PORT CLYDE, Maine (NEWS CENTER) -- Maine's lobstermen are starting to worry that in a few years, there will be fewer lobsters to catch. That would be a dramatic change, because the lobster industry has seen record catches of more than 120 million pounds for the past two years.
However, the same scientists who predicted that population surge said they now are seeing a drop in the number of baby lobsters settling on the bottom of the ocean. Lobsters hatch as larvae in May or June, float in the water for up to two months and then settle to rocky bottom, where they take seven to eight years to grow to legal size. Scientists said the drop in the settlement of these baby lobsters could mean a drop in lobster catches five to seven years from now.
Marine Resources Commissioner Patrick Keliher has been spreading the word to fishermen to fishermen about the research and its implications. Keliher held a series of meetings along the coast in March and April, and says fishermen seemed to take the information seriously.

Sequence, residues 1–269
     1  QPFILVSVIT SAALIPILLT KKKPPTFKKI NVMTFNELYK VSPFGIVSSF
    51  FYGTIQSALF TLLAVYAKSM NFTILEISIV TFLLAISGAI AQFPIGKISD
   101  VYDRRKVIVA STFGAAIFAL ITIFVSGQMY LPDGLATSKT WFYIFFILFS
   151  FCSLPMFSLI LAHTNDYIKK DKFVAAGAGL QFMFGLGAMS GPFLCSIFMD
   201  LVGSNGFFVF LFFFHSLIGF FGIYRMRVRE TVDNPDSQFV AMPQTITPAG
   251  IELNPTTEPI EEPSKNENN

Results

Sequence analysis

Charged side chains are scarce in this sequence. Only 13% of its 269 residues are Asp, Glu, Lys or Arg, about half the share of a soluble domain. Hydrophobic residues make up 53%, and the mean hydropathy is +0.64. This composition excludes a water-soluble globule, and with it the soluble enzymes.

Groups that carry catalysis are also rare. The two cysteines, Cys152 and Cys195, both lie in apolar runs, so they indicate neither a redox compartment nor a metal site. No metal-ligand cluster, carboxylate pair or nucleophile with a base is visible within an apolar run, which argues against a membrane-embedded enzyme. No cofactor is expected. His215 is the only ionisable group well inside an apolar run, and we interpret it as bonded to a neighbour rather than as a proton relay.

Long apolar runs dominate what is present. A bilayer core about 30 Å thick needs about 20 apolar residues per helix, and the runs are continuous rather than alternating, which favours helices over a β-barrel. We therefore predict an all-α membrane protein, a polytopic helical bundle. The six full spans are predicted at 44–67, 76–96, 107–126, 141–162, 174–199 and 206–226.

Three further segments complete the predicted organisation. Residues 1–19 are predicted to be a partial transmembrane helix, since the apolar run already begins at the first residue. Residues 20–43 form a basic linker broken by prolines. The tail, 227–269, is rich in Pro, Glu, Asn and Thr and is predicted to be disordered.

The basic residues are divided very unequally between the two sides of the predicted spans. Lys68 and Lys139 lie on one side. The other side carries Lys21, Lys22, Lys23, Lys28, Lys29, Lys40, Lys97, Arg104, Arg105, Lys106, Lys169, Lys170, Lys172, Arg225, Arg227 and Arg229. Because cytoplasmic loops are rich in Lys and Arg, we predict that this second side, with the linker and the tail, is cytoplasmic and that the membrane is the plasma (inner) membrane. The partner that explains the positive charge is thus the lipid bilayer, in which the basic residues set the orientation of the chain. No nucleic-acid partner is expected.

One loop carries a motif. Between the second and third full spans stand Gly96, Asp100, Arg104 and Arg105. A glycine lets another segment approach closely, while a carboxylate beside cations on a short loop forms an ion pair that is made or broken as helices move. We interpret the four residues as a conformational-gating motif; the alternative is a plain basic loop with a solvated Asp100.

The challenge for the lobster industry will be what to do about the potential decline in catch. Lobster prices have been relatively low for several years, and fishermen say it was only the huge volume of lobsters that allowed them to make decent incomes.
Lobstermen said if the catch drops to 100 million or event 80 million pounds –still larger than it was just six years ago –they will have to see higher prices in order to remain profitable. But fishermen also say they may need to make changes to fishing regulations and practices, reduce costs and increase efficiency as the industry adjusts to smaller population of lobsters.
Commissioner Keliher said the fishing industry does have some time to prepare for the lobster drop, and said, "the sky isn't falling".